no large chief … detail   Livingstone here (and elsewhere, e.g., [1871a] 1872:9) glosses over a complex set of political and social circumstances. The savanna lands of southern Maniema also constituted part of the northernmost province of the Bantu-speaking Luba empire (Wilson 1972:557, 581). This empire was not culturally homogenous, but instead consisted of a "complex ethnic mosaic, full of distinct groupings by lineage, clan, politics, and geography […]." Although it had a central ruler and could exert force, the empire depended foremost on trade and on a "flexible set of relationships that extended in a wide circle of influence rather than authority" (Roberts and Roberts 1996:20; cf. Reefe 1981:148-52), a situation that Livingstone’s observation fails to capture. However, because southern Maniema was a frontier region, one located at the edge of the rainforest, the inhabitants of the region also had political and social affinities with the Sudanic-speaking peoples of northern Maniema, who – as per Livingstone’s impressions – were "[d]istributed very sparsely over the land, much more mobile, and much less involved in trade than others," and so whose "societies were more fragmented into tiny autonomous groups than anywhere else" (Vansina 1990:186).

the Egyptian expeditions under the French   Livingstone here refers to the French ivory and slave traders, for instance Alphonse de Malzac and Jean-Alexandre Vayssière, who operated out of Egypt and the Sudan in the 1850s and early 1860s and who, through their use of Arab mercenaries, became known for "deeds of widespread cruelty and injustice" to the local populations of the Sudan (Gray 1961:21, 41, 47).

My packet … destroyed   In his journal, Livingstone (1866-72:13 May 1869; 1874,2:8) notes that "I have been busy writing letters home and finished forty two which in some measure will make up for my long silence." Elsewhere Livingstone ([1871b] 1872:10) describes the contents of this packet as "despatches, copies of all the astronomical observations from the coast onward" – namely from when Livingstone landed on the east African coast in late March 1866 – "and sketch maps on tracing paper, intended to convey a clear idea of all the discoveries up to the time of arrival at Ujiji" on 14 March 1869. Livingstone (1866-72:29 May 1869; 1874,2:11-12) attempted to entrust the packet to Thani bin Suellim, an agent at Ujiji of the Governor of Unyanyembe, and offered "two cloths and four bunches of beads" for the conveyance. Thani at first refused, saying "he was afraid of English letters – he did not know what was inside," but on further entreaty accepted the packet. It was then heard of no more. Livingstone (1870-71a:LXXXIV) discovered the disappearance of the letters only when the ten men from Kirk reached him:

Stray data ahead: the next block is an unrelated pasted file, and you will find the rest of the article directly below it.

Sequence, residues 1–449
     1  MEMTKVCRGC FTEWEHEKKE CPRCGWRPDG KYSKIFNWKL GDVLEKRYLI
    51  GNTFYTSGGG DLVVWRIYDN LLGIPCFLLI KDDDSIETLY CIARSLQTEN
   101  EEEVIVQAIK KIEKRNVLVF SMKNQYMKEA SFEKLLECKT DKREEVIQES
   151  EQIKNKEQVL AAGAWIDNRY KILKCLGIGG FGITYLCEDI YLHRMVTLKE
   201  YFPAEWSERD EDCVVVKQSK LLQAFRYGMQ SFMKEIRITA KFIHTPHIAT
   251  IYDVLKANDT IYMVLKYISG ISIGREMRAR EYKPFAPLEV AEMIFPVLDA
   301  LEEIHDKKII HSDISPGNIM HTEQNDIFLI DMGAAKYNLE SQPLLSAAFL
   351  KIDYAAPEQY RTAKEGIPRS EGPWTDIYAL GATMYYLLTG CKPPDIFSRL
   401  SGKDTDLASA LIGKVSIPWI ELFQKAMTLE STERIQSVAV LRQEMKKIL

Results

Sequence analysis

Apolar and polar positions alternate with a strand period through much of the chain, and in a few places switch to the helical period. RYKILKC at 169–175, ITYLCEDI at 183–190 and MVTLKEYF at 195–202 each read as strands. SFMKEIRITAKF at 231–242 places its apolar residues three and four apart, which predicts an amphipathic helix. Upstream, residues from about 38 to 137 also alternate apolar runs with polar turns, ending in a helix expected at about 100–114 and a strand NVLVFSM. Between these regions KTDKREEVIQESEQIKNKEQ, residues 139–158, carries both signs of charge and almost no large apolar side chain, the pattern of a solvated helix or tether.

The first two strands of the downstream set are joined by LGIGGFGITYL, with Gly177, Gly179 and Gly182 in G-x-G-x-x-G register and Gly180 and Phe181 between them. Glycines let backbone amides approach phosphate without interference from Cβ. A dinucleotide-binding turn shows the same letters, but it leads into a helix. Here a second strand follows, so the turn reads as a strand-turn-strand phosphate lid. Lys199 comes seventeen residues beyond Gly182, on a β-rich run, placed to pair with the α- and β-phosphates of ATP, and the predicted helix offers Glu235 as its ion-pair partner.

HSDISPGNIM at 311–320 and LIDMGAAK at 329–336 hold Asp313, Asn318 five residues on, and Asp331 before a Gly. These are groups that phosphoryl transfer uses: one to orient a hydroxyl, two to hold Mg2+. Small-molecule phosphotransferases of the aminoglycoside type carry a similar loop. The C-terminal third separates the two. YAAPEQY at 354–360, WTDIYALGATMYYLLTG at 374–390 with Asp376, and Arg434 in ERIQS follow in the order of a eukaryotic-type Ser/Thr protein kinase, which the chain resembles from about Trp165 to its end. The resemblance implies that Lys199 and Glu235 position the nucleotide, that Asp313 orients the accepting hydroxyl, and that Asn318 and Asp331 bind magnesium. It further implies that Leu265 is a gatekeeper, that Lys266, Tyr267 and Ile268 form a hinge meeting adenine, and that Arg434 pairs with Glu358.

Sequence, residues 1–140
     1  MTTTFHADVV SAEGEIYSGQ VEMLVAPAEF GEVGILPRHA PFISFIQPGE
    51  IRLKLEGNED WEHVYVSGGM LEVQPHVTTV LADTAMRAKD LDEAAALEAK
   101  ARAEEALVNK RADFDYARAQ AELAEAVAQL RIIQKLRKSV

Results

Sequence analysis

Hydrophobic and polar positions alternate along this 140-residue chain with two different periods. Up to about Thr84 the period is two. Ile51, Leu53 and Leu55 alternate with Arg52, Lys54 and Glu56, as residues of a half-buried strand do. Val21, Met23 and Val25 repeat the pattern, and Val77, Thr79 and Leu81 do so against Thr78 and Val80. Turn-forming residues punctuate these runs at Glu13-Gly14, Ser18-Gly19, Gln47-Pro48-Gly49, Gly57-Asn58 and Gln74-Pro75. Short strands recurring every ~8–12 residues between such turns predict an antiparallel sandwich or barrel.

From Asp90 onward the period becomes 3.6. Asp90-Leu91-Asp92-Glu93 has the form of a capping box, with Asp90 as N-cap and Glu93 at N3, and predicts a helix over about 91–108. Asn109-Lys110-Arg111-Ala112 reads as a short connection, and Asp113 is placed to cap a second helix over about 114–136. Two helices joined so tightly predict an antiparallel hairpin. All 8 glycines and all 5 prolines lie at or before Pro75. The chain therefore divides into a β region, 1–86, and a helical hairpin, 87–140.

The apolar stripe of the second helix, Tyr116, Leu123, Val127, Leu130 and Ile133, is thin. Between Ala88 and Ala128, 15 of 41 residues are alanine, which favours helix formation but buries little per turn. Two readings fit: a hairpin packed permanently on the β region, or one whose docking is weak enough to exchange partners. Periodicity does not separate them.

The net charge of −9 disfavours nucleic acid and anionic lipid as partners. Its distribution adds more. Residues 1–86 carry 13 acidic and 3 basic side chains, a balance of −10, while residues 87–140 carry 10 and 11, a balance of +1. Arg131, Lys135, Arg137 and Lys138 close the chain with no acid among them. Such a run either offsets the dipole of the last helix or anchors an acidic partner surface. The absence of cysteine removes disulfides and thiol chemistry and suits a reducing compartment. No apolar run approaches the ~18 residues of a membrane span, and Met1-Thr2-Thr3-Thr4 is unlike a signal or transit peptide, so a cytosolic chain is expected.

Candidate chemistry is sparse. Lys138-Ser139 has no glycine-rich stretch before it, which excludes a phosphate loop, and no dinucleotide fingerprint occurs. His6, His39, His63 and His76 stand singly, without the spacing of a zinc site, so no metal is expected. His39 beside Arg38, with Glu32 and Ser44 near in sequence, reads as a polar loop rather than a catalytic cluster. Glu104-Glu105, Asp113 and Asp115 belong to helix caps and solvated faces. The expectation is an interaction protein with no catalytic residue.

4th February, 1871 – Ten of my men from the coast have come near to Bambarre and will arrive today [–] I am extremely thankful to hear it for it assures me that my packet of letters was not destroyed – they know at home by this time what has detained me and the end to which I strain.

D[itt]o. Only one letter reached and 40 are missing.

Of the letters written between mid August 1868 and 29 May 1869 – the day that Livingstone handed over his packet – only three survive because Livingstone copied them into his journal: Lord Stanley (26 Mar. 1869), Abdallah (19 Apr. 1869), and Said Majid (20 Apr. 1869) (Livingstone 1866-72; Clendennen and Cunningham 1979:82-83). The letter that did reach the coast (Livingstone [1869a] n.d.) was not part of the packet but carried separately by another traveller, Musa Kamaals.

The governor… 1000 dollars   The Governor of Unyanyembe was Said bin Salim Buraschid (c.1815-c.1879), also known as Said bin Salim al Lamki. Born at Kilwa and previously the governor of Saadani, Said bin Salim first came to the notice of British explorers when Said Majid, the Sultan of Zanzibar, appointed him "ras kafilah, or caravan-guide" for the East African Expedition (EAE) of Burton and Speke of 1856-59 (Burton 1860,1:10). Although Uvira, which lies on the northwestern shore of Lake Tanganyika, was indeed the furthest interior point reached by the EAE, Burton (1860,2:126-27) suggests that Said bin Salim did not accompany the expedition on the last leg of its journey. Burton continuously complained of Said bin Salim’s conduct, and the latter was eventually dismissed because of his thievery (Burton 1860,2:237-38). For a set of complex reasons, when Burton and Speke sailed from African they failed to pay the wages of their African and Arab attendants, including those of Said bin Salim, who had been promised a thousand dollars and a gold watch. After an extended dispute, the Government in Bombay paid the outstanding debt (Brodie 1967:182-83, 186; Simpson 1976:23-24; for the relevant correspondence, see Burton 1860,2:430-41).